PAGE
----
John L. Hall
How I avoided capture
Ordered to take three trucks, proceed to St.
Vith to pick-up our daily supply of rations. Was exposed to
artillery fire on Skyline Drive and at AUW. Picked up our supplies
and started return trip to Service Co. C.P. Did not make a proper
turn at Auw and ran into the 14th Calvary Area. Turned back to Auw
and was in the lead truck with my driver named Decker. We were
forced to halt. Other vehicles were in the road, one Jeep was 81st.
Engineers and a three quarter ton carry-all was 590th Field
Artillery My truck received small arms fire thru the Cab.
We left the trucks and took shelter in a farm
house where there was personnel from 423rd. Service Co, 81st.
Engineers, 589th Field Artillery and 14th Calvary. Trying to set up
a defense, a machine gun was taken from one of the Jeeps and set up
on the second floor. For better observation, a hole was punched thru
the roof. 'Could only locate the enemy by an occasional movement, as
their camouflage was good against the snow. It was decided to Fire
the old barn across to the East side of the road thinking German
Riflemen must be using it. After firing, the enemy was seen leaving
the area. Some members from 81st Engineer and I, alternating with
machine gun and rifles, picked off some of the enemy. I was using a
rifle borrowed from Wm. Devine; the rifle was on loan as I was only
armed with a 45 automatic. (The above information can be verified on
pages 33 and 34 from the book "ST Vith, The Lion in the Way" by Cpl.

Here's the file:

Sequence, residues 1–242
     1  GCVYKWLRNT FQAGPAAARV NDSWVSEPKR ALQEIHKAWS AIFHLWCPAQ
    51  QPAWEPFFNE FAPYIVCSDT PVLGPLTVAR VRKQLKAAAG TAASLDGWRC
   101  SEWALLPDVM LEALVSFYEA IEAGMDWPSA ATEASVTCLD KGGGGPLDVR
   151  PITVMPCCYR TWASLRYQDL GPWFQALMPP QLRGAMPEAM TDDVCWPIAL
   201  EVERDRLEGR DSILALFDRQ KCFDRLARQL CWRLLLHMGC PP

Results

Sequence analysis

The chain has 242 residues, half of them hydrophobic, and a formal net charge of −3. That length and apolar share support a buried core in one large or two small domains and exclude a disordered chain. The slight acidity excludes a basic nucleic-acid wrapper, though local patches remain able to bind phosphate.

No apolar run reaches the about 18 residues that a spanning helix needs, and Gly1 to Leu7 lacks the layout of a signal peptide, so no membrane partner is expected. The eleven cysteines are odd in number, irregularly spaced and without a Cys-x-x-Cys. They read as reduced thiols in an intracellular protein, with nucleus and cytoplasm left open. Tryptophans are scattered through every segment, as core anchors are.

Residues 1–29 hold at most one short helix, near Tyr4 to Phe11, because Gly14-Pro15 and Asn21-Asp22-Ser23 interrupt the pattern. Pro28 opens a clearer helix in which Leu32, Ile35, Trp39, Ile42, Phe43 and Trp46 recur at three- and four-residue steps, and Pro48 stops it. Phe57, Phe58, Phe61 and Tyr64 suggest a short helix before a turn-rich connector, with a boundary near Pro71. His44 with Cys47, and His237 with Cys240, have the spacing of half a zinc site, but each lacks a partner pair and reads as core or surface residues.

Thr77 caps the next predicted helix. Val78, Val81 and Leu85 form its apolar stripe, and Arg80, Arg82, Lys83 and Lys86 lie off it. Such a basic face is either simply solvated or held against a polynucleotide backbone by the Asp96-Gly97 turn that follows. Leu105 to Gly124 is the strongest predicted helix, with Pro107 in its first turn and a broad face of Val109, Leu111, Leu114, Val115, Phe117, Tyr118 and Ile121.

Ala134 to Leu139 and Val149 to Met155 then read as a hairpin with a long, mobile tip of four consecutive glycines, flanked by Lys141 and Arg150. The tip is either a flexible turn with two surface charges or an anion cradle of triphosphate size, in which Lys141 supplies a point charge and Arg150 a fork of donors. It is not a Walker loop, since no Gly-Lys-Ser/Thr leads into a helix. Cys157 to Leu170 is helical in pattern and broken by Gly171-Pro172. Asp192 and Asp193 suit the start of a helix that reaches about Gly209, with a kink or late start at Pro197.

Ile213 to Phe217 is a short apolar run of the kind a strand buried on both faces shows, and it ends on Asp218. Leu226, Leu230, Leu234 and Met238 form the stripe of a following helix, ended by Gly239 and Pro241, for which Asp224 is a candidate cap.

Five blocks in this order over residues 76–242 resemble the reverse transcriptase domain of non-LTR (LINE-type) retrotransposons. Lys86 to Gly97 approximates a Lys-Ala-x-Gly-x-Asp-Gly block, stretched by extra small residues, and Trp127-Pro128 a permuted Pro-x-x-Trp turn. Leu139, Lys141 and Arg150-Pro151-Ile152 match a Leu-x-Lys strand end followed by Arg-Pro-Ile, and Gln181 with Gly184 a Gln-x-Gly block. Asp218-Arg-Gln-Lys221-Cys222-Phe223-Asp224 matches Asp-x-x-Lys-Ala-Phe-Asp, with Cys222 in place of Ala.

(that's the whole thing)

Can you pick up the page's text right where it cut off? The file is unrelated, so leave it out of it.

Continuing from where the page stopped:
Dupuy, also "A Time for Trumpets" by Charles MacDonald, p.111). Then
four tiger tanks hit us. Eight rounds of 88 Ammo came into the
building. There was no way to combat this adversity. The stairs to
the ground floor had been damaged. Some of us jumped out the back
window to the ground. The Field Artillery Captain who had assumed
command was at the corner of the building with a white handkerchief
tied on the end of a rifle barrel, trying to surrender.
Several of us decided, we would make a break
for the woods below the building. We could not re-enter the building
without being exposed to machine gun fire from the tanks. The lead
and rear tanks also had a field of fire to the woods. There was a
barbed wire fence between the building and safety of the woods. One
soldier was shot as he slowed to climb over the fence. One or two of
us at a time took a chance and dived under the fence; came up
running and made the safety of the woods. Do not know how many did
not make it.
Eight or ten of us got together and decided to
by-pass Auw and make for the road leading West back toward St. Vith.
When we got to the road we found that Germans had control. Back
tracking and staying in the woods, so we would not be exposed to
gunfire, we went Southwest and located a 589th Field Artillery
Battalion group in the vicinity of Laudesfeld.
I was with various outfits the rest of the
Battle of the Bulge.
On December 16, 1944 we were to draw rations for 3207 men.
December 26, 1944 there was 68 members of the 423rd Infantry accounted for.